“I tend to think about what style of drawing will suit a specific story or theme. For my little books for Gecko Press—Mihi, Koro, E Hoa, for example, I used collage because it was a way to keep the image simple. You can cut out a shape and stick it on a painted background and you immediately get an image. With Atuait made sense to draw these things because I wanted to do smaller details.

It took him 20 years of regular publishing to be able to take the leap and stop teaching, even with some of his books selling well overseas.

“I was teaching full time and I applied for an Arts Council scholarship and got a scholarship to allow me to take a large part of the year. I took most of 1998, and I worked on The house that Jack built. Then it was released in 1999.

“By the time I was going back to school I thought I was taking a big risk and sending in my resignation and seeing if I could survive on my own. I also withdrew my superannuation which I had been contributing to since the I was 18. I took it out early, and it gave the family some money to live on, so I was only 52, it was scary.

Unlike many Aotearoa illustrators, Bishop still draws his books by hand. That’s not to say he isn’t jealous of those who are comfortable with digital technology. “It must be amazing to add a background color and then just be able to get rid of it. I can’t do that without really starting over.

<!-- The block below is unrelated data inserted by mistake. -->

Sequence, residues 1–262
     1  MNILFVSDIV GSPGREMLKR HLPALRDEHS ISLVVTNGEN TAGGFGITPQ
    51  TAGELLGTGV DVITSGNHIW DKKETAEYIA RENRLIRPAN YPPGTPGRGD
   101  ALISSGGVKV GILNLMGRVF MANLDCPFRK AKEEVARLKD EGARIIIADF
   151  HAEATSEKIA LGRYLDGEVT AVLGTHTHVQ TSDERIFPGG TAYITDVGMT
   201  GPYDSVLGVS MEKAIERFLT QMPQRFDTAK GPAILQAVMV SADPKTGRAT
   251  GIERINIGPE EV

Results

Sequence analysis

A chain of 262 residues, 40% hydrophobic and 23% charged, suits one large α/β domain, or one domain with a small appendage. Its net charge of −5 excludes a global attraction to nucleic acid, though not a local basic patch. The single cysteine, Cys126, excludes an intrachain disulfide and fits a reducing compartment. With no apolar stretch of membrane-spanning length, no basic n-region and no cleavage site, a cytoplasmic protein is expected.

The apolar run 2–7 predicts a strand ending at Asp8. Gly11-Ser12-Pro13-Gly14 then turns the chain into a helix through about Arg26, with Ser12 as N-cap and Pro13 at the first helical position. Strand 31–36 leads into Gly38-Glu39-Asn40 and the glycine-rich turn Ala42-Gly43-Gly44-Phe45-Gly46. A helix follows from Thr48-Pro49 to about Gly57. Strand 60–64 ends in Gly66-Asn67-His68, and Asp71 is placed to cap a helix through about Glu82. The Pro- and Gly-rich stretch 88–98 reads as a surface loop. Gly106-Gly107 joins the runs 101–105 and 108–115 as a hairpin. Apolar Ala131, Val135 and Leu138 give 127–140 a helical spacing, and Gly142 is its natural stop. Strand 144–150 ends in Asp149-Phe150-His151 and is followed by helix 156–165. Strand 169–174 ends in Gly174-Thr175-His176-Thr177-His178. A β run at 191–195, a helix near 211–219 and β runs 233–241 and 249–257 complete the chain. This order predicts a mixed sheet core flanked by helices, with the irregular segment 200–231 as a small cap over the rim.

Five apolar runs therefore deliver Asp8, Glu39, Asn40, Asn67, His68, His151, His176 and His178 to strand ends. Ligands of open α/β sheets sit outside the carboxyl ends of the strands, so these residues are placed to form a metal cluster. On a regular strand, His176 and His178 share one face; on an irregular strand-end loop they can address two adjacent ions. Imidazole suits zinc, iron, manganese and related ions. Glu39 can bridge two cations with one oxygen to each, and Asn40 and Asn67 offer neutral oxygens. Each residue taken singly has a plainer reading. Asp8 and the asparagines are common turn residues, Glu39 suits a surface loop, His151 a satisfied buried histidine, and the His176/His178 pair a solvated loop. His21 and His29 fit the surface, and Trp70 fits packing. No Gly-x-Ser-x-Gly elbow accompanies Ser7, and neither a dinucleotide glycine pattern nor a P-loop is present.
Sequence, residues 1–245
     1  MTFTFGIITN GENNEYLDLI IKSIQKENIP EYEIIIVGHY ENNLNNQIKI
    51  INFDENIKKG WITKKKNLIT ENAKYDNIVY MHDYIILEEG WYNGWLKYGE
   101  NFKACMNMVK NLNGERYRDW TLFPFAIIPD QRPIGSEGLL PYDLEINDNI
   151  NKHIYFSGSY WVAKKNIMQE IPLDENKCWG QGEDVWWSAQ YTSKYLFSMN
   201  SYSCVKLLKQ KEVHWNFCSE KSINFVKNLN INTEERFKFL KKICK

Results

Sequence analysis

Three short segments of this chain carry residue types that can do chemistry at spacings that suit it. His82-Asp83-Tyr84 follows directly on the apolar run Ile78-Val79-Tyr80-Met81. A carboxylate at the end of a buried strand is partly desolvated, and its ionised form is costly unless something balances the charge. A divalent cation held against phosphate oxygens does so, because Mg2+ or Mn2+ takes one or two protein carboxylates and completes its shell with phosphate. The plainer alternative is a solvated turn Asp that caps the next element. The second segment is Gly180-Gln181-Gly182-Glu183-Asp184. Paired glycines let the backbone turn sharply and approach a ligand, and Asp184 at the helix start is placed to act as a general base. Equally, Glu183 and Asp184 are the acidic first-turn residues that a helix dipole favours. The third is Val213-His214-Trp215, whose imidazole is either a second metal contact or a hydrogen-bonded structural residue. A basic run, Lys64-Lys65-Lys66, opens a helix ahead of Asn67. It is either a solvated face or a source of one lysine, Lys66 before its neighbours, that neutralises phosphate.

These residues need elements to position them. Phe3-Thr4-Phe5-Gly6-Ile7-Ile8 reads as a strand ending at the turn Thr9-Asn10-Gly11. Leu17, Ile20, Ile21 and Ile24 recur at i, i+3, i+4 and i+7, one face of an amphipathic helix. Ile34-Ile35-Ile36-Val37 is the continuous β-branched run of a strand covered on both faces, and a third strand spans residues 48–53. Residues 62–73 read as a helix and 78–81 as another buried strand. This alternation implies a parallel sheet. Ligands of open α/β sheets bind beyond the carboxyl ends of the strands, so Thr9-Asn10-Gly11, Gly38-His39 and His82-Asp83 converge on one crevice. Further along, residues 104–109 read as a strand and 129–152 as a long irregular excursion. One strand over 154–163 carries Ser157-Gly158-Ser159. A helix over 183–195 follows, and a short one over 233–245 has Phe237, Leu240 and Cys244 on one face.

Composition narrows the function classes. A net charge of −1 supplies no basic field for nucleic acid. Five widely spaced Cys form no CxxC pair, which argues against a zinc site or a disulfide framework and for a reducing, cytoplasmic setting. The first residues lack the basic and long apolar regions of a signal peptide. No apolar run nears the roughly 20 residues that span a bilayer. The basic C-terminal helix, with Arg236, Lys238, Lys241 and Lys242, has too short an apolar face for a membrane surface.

Fortunately, there have been advancements in ink technology. “In the past, I used drawing pens that I filled with ink myself. Now I’ve discovered this huge range of fineliners you buy at an art store – lightfast, waterproof, ready to use as soon as you take the lid off.”

If you look at his books over the years, you can see him falling in love with different styles of illustration. I vividly remember him showing children during a visit to the school how to create scratch and ink board illustrations, as he used in piano rockk, as well as some hardback books for Gecko. He is currently using scrap paper to create illustrations for his upcoming book. The New Zealand Warswhich will be his next large format book for Penguin Random House.

“I have always been committed to showing New Zealand children things about their own country.” Photo by Martin Hunter

He says of his first experience of children’s publishing in Aotearoa: “It was run by intellectuals, people with a university education, who knew a lot about literature and language. But not about design… so you would get some pretty clunky books.

“Now things have changed a lot. We now have publishers who are extremely professional with a very good eye for the appearance of a book, and they also have an eye for the international market.

Bishop’s first publisher was Oxford University Press, and he says that because they needed an international publishing partner to pay for the printing, his determination to write New Zealand children’s books nearly got him there. defeated at the start. “They struggled to find a publishing partner for Bidibidis because ‘the sheep were boring’. The story of the sheep that followed the rainbow was made into a television series and has never been out of print.